Source: ©Kalkine Group 2021
It’s a big day for Canada as the Trudeau-led Liberal government unveils its first federal budget in two years. People from across the country tuned in on their various gadgets to find out what Finance Minister Chrystia Freeland had in store for them.
Tabled on Monday afternoon, April 19, here are the top 10 key highlights of this iconic budget that you must know about.
1. Additional C$ 101 in Stimulus
The Liberal government has kept its promise to provide an additional stimulus of C$ 101.4 billion over the next three years that will help create jobs and usher in a “resilient and inclusive recovery” from the “COVID storm”.
Without missing a beat, FM Freeland also snapped back at those who have (and may again) criticized the government’s massive spending plans, questioning if they have lost their jobs and income amid the pandemic.
©Kalkine Group 2021
2. C$ 30 Billion Investment in Childcare Over 5 Years
To provide “affordable, high-quality and flexible” child care support for all, FM Freeland said that C$ 30 billion will be invested in establishing a nationwide early learning and child care system over the next five years.
The initiative, which will see an investment of C$ 8.3 billion thereafter, intends to bring down the cost of child care to C$ 10 per day in Canada by 2025-2026.
3. Extensions of CEWS, CERS & Lockdown Support
In its efforts to “heal the economic wounds” and support middleclass Canadians, Freeland said that the federal government will extend the support measures “as long as required”.
Technically, however, the Canada Emergency Wage Subsidy (CEWS), the Canada Emergency Rent Subsidy (CERS) and the Lockdown Support measure have been extended till September 25 this year.
The number of weeks available for the Canada Recovery Benefit and the Recovery Caregiving Benefit have also been extended, while the Employment Insurance sickness benefits have been stretched from 15 to 26 weeks.
All in all, the extensions of these programs will cost some C$ 12.1 billion, making it one of the most expensive items on the 2021 budget.
©Kalkine Group 2021
4. C$ 3 billion Investment in Long-term Care Facilities
To support elderly Canadians, the Trudeau government have set aside a C$ 3 billion investment for long-term care facilities.
The Budget 2021 has also increased the Old Age Security for seniors of and above the age of 75 to help them access “better financial security”.
5. C$ 2.2 Billion Investment in Biomanufacturing sector
As the government plans to get all willing Canadians vaccinated for COVID-19 by September 2021, Monday’s budget proposed to invest C$ 2.2 billion in Canada’s biomanufacturing sector and life sciences firms over seven years.
The package will see an investment of C$ 1 billion for the Strategic Innovation Fund, the introduction of Clinical Trials Fund and the creation of more jobs in the health research and pharmaceutical sectors.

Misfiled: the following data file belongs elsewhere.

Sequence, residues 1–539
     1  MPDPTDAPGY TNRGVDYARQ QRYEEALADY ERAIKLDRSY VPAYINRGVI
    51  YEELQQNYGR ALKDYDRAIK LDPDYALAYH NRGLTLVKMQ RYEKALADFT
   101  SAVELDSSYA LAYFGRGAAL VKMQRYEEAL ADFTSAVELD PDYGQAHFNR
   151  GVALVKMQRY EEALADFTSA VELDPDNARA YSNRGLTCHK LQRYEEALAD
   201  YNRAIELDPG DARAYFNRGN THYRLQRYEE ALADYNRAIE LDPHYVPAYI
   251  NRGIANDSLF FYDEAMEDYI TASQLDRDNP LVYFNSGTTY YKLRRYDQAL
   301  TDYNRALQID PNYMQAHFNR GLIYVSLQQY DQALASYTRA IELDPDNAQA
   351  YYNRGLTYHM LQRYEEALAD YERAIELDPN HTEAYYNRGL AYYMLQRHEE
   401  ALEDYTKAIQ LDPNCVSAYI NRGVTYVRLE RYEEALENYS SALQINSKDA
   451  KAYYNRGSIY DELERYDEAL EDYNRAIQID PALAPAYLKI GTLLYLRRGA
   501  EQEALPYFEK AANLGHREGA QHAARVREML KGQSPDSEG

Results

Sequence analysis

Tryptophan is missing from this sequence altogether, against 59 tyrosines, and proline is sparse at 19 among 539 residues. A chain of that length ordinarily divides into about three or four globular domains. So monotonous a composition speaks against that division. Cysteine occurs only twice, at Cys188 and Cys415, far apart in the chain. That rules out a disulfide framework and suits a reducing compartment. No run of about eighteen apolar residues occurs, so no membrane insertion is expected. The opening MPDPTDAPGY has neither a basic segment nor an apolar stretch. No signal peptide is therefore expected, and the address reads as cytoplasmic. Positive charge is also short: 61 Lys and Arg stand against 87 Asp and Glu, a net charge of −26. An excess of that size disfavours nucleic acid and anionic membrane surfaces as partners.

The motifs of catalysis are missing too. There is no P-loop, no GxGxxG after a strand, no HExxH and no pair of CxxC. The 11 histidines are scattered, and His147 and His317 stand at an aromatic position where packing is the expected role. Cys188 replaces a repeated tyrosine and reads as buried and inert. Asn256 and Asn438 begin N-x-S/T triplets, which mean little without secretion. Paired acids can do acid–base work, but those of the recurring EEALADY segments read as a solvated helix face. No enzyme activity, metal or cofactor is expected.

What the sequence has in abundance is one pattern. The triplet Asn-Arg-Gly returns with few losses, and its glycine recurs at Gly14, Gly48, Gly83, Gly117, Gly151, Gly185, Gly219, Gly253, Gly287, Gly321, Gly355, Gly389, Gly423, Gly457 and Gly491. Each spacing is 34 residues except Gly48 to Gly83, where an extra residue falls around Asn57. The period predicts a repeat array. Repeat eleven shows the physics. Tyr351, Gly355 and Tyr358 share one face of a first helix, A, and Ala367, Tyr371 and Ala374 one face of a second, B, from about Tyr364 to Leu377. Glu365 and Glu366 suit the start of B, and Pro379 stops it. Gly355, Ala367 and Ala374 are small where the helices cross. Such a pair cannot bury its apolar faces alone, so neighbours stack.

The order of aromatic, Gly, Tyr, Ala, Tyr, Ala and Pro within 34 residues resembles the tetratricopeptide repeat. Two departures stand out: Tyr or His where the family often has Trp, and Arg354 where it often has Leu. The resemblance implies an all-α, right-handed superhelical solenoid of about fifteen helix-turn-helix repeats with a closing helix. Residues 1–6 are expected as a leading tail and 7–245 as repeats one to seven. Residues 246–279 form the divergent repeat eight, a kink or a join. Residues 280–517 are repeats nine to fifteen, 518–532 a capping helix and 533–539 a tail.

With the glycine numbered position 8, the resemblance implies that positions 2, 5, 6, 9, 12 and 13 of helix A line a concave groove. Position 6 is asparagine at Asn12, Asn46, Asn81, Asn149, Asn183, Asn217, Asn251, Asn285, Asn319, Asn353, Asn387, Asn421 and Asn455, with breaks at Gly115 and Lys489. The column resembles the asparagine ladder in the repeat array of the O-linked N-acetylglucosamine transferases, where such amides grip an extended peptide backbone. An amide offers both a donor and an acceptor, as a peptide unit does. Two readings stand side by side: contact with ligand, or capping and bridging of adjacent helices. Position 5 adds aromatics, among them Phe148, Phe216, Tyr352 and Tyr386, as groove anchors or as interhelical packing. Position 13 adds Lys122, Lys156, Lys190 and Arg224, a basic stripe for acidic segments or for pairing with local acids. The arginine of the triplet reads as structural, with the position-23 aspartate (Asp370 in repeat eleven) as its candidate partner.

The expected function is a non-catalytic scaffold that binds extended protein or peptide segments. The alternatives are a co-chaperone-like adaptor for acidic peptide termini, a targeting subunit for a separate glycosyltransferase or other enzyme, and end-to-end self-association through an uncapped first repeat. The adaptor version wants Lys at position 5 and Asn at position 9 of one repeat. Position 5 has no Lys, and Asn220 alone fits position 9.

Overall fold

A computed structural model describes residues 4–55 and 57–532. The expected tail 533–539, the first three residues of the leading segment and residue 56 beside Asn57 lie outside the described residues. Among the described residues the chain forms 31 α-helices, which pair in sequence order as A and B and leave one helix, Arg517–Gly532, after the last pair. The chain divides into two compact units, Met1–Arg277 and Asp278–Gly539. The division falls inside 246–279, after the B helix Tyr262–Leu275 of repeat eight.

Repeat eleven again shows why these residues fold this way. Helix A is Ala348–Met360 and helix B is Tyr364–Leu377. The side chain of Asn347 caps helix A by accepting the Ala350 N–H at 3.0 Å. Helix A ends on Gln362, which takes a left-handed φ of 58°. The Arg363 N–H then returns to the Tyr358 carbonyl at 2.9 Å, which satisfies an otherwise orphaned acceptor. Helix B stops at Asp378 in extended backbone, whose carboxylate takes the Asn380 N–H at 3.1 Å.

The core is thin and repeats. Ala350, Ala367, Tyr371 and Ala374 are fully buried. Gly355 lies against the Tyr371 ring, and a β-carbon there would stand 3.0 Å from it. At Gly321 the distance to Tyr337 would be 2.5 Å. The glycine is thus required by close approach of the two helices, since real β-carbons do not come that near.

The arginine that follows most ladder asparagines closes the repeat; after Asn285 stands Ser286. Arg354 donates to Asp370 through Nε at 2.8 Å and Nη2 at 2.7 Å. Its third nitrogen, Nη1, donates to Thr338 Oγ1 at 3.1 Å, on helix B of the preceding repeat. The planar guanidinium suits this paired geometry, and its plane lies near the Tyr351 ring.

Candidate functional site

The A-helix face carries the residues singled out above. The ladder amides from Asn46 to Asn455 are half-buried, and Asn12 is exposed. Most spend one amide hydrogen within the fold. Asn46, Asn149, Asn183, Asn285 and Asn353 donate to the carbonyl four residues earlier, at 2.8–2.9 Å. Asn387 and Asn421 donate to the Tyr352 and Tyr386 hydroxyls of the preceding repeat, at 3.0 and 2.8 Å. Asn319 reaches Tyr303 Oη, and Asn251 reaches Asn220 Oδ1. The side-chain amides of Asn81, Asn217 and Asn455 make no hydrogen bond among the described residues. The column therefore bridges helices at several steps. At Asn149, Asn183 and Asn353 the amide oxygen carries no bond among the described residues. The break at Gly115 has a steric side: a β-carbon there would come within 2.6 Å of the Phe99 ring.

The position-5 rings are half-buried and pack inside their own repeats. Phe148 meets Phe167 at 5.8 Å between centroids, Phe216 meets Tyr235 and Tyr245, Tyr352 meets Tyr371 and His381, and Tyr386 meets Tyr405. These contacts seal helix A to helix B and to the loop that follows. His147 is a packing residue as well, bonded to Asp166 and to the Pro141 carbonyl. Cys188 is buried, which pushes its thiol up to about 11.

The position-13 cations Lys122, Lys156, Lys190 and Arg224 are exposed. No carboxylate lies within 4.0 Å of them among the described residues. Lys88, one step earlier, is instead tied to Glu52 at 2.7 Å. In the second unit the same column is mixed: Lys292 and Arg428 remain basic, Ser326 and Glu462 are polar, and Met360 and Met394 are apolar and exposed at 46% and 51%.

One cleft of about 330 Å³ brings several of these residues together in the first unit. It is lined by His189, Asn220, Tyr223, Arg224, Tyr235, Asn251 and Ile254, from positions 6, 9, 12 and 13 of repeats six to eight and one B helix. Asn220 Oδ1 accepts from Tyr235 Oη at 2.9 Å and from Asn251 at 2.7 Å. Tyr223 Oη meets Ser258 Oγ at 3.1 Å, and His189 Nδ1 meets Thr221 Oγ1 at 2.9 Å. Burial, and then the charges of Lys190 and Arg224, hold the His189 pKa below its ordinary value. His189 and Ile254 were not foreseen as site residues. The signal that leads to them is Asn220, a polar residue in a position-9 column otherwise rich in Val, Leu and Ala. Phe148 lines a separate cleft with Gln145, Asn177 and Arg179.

6. 1 Million Jobs by Year-end, C$ 595 Million for Hiring Programs
Promising to bring in one million jobs by the end of 2021, Freeland said that C$ 595 million will be earmarked for a newly introduced Canada Recovery Hiring program to help support employment.
The program, Freeland added, will be available temporarily between June 6 and November 20 this year.
7. C$ 5.7 Billion Earmarked For Young Canadians
With young Canadians being one of the hardest hit demographics during the pandemic, Budget 2021 sets aside about C$ 5.7 billion over the next five years for the youth.
In order to help young people pursue and finish their education, the government will earmark C$ 4.1 billion to help make paying down student loans easier and offer direct support to students.
8. $2.5 Billion for Affordable Housing
Canada’s skyrocketing real estate prices over the past year has put a ‘stop’ sign on the dreams of buying a house for many. Monday’s budget, however, pointed that the Trudeau government plans to invest an additional C$ 2.5 billion in affordable housing initiatives over the next seven years.
The government also plans to redistribute about C$ 1.3 billion in existing funding to quicken the development, repair, etc of some 35,000 affordable housing units.
9. Increase Minimum Wage To C$ 15
In its efforts to help low-wage workers, Freeland said that the Liberal government will be increasing Canada’s minimum wage mark to C$ 15 across the board.
This will lead to an increase in pay for over 26,000 workers in the country, barring the provinces where the minimum wage figure is more than C$ 15.
10. C$ 5 Billion To Initiate A ‘Green Recovery’
In line with its promise to “build back better” the economy ravaged by COVID, Freeland pledged an additional C$ 5 billion investment for green initiatives over the next seven years.
The plan, Freeland said, is to speed up Canada’s efforts to hit its net-zero emissions target by 2050.